Saturday, November 27, 2010

Will Entercom buy 'FNX?

Does it even matter if they do?

The possibility was recently brought to my attention by a Boston Radio email list I subscribed to, but very rarely participate in. It's just my little way of keeping my radio-geek foot in the door. But the story originated, as far as I can tell, in the Weekly Dig. Just scroll down to the paragraph that appropriately begins with, "NEVER-ENDING-BLATHER."

If they keep their on-air studios in 25 Exchange Street in DTL, The LynnArts complex may find themselves with a more financially well-off tenant. If they move out of LynnArts, I hope they can find another way to earn income from the space. I'm not sure if artists can pay what Phoenix Media does, whatever that amount may be.

The rumors have a lot to do with sports talk, one of the few things keeping radio alive, and swapping with "Mike FM." I don't listen to sports talk or Mike FM, so I'm not sure if I should care. And I haven't listened to WFNX since my first couple of years in New England, before grunge took over. And I gave up completely when Leftover Lunch started playing those same grunge bands. I'm talking about corporate rock-style grunge, however.

Does it really matter? Before we get to the vastness of online options, let's focus on radio. The saviours of the Boston radio dial have always been and continue to be college stations, such as WMBR, WZBC, WHRB's overnight programming, and WERS to an extent, though the latter more restrained in its programming as it trains future industry professionals.  I should add that I was on WERS for about three years, mostly in news and public affairs. I've also had shows on Radio Free Allston, Allston-Brighton Free Radio, Cambridge Free Radio, and produced/board op'd on a syndicated call-in show, my only foray into commercial radio.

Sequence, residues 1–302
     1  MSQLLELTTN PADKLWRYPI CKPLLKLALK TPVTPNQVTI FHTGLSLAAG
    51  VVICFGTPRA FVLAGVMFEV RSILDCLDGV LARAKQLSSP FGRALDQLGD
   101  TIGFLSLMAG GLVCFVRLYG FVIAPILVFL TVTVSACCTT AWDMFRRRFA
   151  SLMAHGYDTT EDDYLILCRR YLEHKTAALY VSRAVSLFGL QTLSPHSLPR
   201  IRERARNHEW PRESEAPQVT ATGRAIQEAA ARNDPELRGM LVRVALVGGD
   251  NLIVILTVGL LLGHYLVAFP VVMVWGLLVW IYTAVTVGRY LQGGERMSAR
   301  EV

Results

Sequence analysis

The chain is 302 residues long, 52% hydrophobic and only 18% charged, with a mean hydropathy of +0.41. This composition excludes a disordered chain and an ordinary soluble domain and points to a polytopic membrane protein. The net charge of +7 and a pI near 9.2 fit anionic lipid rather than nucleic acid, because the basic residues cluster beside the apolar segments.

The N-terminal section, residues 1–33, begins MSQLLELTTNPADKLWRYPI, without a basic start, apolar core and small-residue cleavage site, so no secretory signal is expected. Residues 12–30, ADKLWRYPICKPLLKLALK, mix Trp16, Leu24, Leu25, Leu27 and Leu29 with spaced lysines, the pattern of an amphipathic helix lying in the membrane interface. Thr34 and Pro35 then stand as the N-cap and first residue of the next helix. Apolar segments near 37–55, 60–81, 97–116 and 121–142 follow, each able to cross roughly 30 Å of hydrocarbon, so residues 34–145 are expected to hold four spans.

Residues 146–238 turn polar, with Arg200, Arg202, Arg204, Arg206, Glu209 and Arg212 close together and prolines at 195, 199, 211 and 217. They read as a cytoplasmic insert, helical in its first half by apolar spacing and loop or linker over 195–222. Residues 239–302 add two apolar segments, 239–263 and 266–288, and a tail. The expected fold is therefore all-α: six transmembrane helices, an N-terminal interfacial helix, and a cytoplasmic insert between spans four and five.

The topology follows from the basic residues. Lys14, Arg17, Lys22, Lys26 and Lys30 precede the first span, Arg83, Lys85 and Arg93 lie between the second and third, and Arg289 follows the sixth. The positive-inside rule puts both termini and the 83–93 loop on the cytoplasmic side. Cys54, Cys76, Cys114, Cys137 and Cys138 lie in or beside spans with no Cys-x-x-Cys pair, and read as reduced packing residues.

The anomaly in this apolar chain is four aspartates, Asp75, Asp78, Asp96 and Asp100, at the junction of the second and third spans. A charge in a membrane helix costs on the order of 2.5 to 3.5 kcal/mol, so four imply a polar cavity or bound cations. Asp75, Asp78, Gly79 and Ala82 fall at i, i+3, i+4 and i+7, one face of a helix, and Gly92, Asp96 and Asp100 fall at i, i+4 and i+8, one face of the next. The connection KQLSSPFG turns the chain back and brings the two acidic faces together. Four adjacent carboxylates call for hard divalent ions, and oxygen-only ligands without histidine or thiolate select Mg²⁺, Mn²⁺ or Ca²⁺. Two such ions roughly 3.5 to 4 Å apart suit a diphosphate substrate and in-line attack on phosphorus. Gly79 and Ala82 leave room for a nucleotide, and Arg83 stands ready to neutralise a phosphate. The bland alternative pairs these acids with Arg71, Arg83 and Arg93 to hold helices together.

Radio got me into television and into teaching television, which I do now. It still matters to me, but only insofar as it continues to offer up new and innovative content and break new bands. And for that, corporate radio, even from small corporations like Phoenix Media, is completely useless.

I'm not sure that matters, any more. Few of my high school students, a most coveted demographic for advertisers, even care about radio. Their ipod playlists consist of more than a top-40 list of songs, more than one genre, aren't censored, and they have the gratification of fulfilling their own requests, instantly.

But in corporate radio-land, playing-it-safe turned into playing-it-stale. It's nothing than a complete failure to adapt. And what could have been a successful reinvention, such as MikeFM, decided to go the easy route and target the 30+ cubicle farm demo that remembers, even if faintly, when radio mattered. If you're going to make a last stand, how about content that attracts new listeners? Simply, radio stopped being cool.

And those of us who do remember FM radio's grand-old-days know that what made Boston stations different than Detroit, New York or LA stations were the local personalities, local nuances in playlists and the fact that they spoke with a voice that said "Boston" in so many ways, even if they didn't drop their R's. But nowadays, listening to a corporate music station in Boston is the same as listening to one in Dallas. Only the weather and traffic are different. One may as well subscribe to satellite radio because at least the playlists are larger.

So, I guess I just don't care what format WFNX changes into, because I'll have no interest in it, anyway. I just hope that LynnArts isn't somehow hurt along the way.

And I don't know about you, but I'm going to stick with college radio and the internet to expand my musical horizons. As for the rest of my mid-thirties demo, I couldn't say.. but my advice to them is let go of your old stale radio habits and you'll see there's a great big world out there in listener-land.

Radio Station: WFMU (listening on the web to this independent free-form NJ station)
Show: The Cherry Blossom Clinic with Terre T


  1. Unfortunately radio has almost seemingly ran out of new innovations in technology. TV is on that path now with HD then 3D then who knows what.

    Eventually everybody needs to reinvent themselves to keep the communication medium fresh.

  2. Phoenix editor Carly Carioli is denying the story. It could just be another shot in the Dig/Phoenix rivalry. Either way, these are my views on the general state of radio.


Note: Only a member of this blog may post a comment.